The creator behind the controversial book "Gender Queer: A Memoir," a book that has prompted backlash from parents and actions from schools to remove the book from its shelves, is defending the content depicted, arguing the graphic illustrations are "integral" and that "we need to reduce the shame" regarding sex among teenagers.
Author Maia Kobabe's book "is a de facto guide on gender identity that grapples with the hardships of coming out, the confusion of adolescent crushes and the trauma of being nonbinary in a society that largely sees gender as limited to two categories: man and woman," wrote NBC News.
The book features depictions of sexual activities, with many of those opposed to the book pointing to an illustration depicting a 14-year-old Kobabe fantasizing about an older man touching the penis of an apparently younger man or boy. NBC said that the drawing was based on "an ancient Greek pottery cup that contains an erotic sketching of 'a courting scene.'"
While Kobabe, who goes by the gender-neutral pronouns e, em and eir, acknowledged that the some of the books may not be appropriate for an elementary school audience, Kobabe noted that the book's candid accounts are "integral" to showcasing the experience of growing up outside of gender and sexuality norms, adding that "we need to reduce the shame" about sex among teenagers.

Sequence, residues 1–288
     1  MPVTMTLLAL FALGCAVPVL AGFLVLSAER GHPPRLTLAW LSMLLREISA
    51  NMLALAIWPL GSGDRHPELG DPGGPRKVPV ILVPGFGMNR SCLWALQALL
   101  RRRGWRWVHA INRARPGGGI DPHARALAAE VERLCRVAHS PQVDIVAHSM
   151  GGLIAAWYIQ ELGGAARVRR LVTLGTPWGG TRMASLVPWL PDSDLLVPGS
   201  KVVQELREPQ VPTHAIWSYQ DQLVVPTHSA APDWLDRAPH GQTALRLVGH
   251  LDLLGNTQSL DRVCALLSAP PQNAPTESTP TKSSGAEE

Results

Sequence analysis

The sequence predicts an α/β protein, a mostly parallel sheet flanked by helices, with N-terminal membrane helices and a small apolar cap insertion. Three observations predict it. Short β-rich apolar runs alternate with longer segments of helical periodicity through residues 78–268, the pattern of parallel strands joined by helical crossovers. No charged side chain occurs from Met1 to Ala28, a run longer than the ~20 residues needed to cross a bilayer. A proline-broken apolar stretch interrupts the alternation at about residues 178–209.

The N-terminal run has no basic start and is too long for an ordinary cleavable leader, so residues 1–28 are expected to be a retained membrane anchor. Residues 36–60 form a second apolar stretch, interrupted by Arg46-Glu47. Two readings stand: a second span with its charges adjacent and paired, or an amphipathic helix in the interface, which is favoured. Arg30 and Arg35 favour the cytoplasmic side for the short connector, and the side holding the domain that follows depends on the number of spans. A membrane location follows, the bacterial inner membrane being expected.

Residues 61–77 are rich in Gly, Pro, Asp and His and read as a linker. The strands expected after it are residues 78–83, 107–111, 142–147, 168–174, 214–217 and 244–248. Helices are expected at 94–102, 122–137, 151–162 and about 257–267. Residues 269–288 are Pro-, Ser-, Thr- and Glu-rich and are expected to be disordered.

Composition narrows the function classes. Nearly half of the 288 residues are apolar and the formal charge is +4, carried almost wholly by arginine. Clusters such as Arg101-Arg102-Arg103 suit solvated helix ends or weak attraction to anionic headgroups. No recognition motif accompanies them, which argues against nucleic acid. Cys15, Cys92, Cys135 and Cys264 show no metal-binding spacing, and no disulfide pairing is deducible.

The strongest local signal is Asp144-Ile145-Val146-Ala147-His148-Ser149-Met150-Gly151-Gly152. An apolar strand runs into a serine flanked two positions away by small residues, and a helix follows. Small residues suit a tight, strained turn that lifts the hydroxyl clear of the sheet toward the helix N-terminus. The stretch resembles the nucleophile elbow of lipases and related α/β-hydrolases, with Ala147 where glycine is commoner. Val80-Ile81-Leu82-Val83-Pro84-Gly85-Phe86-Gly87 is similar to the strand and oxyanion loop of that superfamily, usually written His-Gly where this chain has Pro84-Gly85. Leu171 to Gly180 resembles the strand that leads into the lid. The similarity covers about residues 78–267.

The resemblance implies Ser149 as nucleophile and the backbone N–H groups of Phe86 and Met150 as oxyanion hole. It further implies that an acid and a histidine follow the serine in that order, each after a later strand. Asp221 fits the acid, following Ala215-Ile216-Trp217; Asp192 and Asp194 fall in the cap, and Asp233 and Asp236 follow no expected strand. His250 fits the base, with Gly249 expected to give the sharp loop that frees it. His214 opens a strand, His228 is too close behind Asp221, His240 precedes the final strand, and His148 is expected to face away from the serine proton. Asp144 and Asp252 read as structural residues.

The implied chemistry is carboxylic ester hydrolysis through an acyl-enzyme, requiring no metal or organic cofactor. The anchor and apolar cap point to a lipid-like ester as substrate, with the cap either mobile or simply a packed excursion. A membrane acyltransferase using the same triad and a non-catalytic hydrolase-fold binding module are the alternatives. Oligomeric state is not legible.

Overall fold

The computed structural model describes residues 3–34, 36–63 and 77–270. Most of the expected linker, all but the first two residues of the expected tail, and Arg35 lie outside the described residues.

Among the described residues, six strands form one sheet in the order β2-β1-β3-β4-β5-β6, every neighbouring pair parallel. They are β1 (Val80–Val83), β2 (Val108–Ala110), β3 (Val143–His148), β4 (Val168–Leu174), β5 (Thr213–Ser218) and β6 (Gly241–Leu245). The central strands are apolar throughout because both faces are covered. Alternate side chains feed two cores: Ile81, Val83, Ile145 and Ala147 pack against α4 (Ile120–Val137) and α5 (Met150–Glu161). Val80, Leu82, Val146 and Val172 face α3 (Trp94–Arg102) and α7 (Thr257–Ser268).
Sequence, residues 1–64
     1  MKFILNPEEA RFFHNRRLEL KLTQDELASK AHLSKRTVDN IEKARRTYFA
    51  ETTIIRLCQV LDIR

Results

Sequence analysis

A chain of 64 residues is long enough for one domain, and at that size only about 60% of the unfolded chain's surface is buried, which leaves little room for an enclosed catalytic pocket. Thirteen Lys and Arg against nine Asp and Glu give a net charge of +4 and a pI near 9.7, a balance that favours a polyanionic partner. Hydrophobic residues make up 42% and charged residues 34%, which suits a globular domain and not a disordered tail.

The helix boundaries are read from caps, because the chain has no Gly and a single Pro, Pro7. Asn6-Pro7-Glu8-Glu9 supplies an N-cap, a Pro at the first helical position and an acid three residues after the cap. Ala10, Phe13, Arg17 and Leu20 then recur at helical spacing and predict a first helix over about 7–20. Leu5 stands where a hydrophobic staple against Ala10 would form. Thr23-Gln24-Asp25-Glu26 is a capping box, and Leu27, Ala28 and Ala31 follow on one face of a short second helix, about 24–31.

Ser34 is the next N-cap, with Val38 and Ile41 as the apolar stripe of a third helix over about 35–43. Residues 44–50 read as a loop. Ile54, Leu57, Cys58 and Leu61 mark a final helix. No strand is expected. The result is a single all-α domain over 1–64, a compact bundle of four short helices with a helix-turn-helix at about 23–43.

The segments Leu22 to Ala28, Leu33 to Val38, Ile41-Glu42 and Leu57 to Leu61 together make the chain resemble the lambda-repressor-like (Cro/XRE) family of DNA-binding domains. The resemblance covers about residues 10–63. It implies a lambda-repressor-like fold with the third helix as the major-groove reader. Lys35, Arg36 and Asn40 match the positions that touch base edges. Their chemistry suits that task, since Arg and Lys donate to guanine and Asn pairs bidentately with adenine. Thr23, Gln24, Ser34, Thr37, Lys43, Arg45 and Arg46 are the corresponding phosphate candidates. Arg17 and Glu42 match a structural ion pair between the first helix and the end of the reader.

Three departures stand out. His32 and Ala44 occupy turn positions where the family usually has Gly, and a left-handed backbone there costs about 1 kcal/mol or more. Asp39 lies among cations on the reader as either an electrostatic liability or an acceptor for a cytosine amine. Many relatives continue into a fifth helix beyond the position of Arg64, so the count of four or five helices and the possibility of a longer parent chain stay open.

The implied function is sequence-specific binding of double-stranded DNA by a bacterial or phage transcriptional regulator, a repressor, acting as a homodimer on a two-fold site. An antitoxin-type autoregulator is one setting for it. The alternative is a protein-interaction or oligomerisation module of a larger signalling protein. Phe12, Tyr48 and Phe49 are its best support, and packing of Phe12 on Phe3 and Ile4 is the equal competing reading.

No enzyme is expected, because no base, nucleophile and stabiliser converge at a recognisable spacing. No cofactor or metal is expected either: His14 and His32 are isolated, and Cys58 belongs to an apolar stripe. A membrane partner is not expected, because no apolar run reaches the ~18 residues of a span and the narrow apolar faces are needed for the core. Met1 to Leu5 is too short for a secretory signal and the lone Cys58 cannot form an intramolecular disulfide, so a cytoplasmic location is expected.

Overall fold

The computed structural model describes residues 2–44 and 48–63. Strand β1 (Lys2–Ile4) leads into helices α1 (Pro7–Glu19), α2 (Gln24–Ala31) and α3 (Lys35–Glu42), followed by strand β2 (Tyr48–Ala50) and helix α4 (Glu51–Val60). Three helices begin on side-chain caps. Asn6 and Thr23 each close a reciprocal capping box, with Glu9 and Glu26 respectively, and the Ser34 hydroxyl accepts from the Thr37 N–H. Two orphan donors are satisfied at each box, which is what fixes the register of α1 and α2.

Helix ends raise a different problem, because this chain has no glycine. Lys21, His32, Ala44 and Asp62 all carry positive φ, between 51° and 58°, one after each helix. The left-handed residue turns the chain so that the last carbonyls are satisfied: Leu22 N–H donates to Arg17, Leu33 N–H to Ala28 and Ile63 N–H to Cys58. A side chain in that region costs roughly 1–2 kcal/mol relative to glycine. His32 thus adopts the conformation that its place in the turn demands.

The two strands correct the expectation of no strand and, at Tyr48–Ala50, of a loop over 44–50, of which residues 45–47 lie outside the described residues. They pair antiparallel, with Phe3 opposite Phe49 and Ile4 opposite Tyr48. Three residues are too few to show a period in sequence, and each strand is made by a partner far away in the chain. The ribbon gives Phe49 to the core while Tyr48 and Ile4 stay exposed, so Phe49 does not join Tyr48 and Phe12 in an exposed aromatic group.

"It's very hard to hear people say 'This book is not appropriate to young people' when it's like, I was a young person for whom this book would have been not only appropriate, but so, so necessary," Kobabe told NBC News.
"There are a lot of people who are questioning their gender, questioning their sexuality and having a real hard time finding honest accounts of somebody else on the same journey. There are people for whom this is vital and for whom this could maybe even be lifesaving," Kobabe continued.
The depictions inside Kobabe's book has sparked outrage amongst parents, many of whom have pushed school districts to remove the book from their library shelves.
The book has been pulled from the shelves of Fairfax County Public Schools in Virginia, Brevard Public Schools in Florida, and Wake County Public Libraries in North Carolina, with parents in New Jersey also challenging the book's place in libraries.
Texas Gov. Greg Abbott and South Carolina Gov. Henry McMaster were also outraged by the book and others, demanding investigations into how "obscene" and "pornographic" books ended up on school shelves.
Despite the backlash, Kobabe said that they have received an outpouring of support from readers.
"I've been receiving almost weekly, and sometimes more than weekly, emails from readers thanking me for writing it, telling me how much it meant to them, saying it helped them understand themselves or that they gave it to a parent or a child or a friend or a partner, and that it helped their loved one understand them more, and that it opened up conversations they had not previously been able to have," Kobabe said.